In his lead essay, Ian Lowe argues that we must discuss the “elephant in the room,” namely population growth. The world population has again doubled in just fifty years. The human impact (I) on nature is the product of P population, A affluence, and T technology. While I = PAT may be a “power-blind” and “agent-less” equation that does not tell us anything exact about the world (relations between different factors are historical and vary), it nonetheless indicates correctly that population and its growth matters. But why is population growth a taboo? Lowe and other participants in this discussion trace the absence of population growth in the political agenda to the dominance of conservative values and neoclassical economics. In addition, many leftists have entertained the suspicion that considering the role of population growth means blaming the poor.
In the 1980s, the US government started to fight abortion in international fora and linked family planning conceptually with abortion. Meanwhile, in the context where neoclassical economics increasingly defined the development agenda—for instance, through the International Monetary Fund (IMF) and World Bank—it started to appear evident to many that mainstream and libertarian economists such as Julian Simon had won the great population debate against neo-Malthusians such as Paul Ehrlich. Analysts on the left associated the concern for population growth with racism, eugenics, and forced measures. They resorted to the idea that education and empowerment of women would slow population growth on its own—even though experience shows that active promotion of family planning and contraception is critically important and that in many parts of the Global South, population growth is a key cause of poverty in itself. Consequently, other issues have largely replaced concerns about overpopulation.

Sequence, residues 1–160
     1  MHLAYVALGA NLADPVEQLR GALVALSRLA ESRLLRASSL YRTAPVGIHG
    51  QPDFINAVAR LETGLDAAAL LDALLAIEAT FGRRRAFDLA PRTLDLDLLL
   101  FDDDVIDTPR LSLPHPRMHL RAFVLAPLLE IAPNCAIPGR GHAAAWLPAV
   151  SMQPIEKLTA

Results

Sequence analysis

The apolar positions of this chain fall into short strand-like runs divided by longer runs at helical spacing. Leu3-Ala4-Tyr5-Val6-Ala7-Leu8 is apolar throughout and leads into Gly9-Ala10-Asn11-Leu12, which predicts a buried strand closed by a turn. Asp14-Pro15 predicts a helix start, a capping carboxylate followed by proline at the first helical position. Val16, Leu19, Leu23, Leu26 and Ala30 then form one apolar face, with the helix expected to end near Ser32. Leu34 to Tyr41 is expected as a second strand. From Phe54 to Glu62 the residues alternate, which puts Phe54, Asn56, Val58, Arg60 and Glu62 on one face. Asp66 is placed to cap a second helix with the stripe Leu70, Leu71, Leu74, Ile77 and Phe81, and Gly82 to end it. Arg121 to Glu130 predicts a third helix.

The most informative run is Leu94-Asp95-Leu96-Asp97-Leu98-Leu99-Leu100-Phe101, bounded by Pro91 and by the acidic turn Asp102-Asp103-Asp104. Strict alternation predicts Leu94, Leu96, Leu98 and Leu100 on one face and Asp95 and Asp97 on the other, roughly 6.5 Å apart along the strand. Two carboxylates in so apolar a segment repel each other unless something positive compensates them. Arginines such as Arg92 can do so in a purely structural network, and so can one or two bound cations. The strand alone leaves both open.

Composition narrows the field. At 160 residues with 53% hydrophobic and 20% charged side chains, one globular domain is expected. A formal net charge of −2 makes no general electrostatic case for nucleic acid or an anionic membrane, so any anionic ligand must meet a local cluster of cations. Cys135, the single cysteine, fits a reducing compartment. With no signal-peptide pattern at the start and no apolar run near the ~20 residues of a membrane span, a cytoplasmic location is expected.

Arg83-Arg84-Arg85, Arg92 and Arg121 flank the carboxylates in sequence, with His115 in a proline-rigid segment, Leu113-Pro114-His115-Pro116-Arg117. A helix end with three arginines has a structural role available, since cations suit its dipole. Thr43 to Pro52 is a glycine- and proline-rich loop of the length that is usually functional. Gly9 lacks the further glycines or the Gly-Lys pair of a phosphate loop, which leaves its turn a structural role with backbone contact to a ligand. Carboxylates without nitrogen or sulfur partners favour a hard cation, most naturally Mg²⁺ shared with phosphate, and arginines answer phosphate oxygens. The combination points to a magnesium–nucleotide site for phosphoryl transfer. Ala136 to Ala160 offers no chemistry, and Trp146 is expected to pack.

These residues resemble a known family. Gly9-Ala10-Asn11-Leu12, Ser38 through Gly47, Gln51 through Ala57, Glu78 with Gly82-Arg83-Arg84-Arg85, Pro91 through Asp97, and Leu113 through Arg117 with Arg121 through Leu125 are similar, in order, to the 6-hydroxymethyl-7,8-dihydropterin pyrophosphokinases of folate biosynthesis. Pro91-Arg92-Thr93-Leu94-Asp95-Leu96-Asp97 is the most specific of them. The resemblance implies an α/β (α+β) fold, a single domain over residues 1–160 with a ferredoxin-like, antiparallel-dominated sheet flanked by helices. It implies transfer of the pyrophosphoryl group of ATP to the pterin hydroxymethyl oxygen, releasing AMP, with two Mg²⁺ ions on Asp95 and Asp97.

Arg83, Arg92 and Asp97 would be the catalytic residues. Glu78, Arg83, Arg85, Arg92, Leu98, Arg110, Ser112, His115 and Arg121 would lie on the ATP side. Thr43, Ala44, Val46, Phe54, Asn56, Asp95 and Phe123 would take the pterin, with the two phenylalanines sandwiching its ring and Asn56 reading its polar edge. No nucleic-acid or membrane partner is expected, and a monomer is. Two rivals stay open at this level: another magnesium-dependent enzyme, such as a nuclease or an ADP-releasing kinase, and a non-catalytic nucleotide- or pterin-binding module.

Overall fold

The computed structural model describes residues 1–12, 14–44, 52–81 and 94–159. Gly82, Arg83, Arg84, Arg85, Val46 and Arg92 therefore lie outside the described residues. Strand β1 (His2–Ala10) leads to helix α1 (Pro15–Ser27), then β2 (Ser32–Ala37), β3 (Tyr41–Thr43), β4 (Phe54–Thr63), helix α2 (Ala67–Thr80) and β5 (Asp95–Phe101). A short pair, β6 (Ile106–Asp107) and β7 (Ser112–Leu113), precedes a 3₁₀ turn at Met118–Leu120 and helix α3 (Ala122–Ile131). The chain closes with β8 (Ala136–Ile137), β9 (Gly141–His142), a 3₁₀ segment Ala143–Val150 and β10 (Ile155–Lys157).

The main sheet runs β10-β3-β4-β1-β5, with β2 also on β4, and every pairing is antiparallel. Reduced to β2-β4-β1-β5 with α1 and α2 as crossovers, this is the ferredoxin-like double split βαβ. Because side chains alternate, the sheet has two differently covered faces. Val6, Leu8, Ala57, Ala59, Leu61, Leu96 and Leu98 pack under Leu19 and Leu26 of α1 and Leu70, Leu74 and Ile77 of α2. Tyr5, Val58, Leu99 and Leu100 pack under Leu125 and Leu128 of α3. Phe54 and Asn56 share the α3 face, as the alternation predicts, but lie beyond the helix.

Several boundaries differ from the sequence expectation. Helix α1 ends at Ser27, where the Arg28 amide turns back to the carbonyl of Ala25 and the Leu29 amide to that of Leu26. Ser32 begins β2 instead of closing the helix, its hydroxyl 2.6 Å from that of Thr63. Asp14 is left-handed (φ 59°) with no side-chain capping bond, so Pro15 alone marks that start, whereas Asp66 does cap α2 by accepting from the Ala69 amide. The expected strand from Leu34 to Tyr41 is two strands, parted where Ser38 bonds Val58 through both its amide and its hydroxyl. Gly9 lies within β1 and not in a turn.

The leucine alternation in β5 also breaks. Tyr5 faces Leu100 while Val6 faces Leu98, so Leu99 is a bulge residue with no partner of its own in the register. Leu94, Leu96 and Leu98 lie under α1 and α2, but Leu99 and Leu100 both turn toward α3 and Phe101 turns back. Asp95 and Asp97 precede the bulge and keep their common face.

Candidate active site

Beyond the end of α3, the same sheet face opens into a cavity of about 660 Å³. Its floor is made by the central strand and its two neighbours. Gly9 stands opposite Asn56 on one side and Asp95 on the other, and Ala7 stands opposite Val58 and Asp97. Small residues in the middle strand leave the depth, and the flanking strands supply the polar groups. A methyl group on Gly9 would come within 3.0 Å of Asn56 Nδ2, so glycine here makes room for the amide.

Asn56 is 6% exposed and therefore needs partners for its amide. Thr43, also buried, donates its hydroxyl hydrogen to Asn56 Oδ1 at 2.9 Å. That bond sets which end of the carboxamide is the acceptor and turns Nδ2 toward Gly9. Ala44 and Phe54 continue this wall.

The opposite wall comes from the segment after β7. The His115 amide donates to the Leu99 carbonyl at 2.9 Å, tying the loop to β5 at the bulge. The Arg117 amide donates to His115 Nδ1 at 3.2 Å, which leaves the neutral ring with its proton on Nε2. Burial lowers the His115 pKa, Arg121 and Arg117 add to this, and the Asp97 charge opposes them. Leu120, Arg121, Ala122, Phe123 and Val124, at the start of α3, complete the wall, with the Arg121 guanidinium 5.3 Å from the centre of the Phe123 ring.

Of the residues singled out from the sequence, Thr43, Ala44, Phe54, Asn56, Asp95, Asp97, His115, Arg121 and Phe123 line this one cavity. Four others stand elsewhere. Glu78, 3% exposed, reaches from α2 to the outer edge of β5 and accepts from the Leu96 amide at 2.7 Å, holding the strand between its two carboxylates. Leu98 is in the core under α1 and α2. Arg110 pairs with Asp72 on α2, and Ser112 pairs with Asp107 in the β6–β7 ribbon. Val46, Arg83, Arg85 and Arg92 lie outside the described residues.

In the affluent North since the 1980s, mainstream economics has also developed the idea that the aging population is becoming a fiscal burden—also through eroding the current tax bases—and that therefore further population (and economic) growth would be desirable. This has not facilitated global agenda-setting. The basic implication is that public finances must be adjusted to the sustainability deficit and the general government deficit. In many affluent countries, fiscal sustainability deficit has been taken to mean that as the so-called dependency ratio is deteriorating, it is no longer possible to maintain welfare state services or transfers at current levels of generosity. Structural reforms such as privatization are necessary, and public spending must be cut.
However, from a Keynesian perspective, attempts to reduce public debt tend to be self-defeating and recessionary. Through cuts in public expenditure, disposable income is reduced, thus potentially inducing or worsening economic recession through the multiplier effect. This leads to decreased tax receipts and increased expenditure due to the workings of automatic stabilizers, such as unemployment benefits. When combined with a fall in GDP, this increase in expenditure increases the debt-to-GDP ratio, potentially leading to a vicious circle. Crucially, however, whether this dynamic is played out depends, e.g., on the policies of other states and the prevailing phase of the business cycle, which is partly dependent on these policies though by no means reducible to them.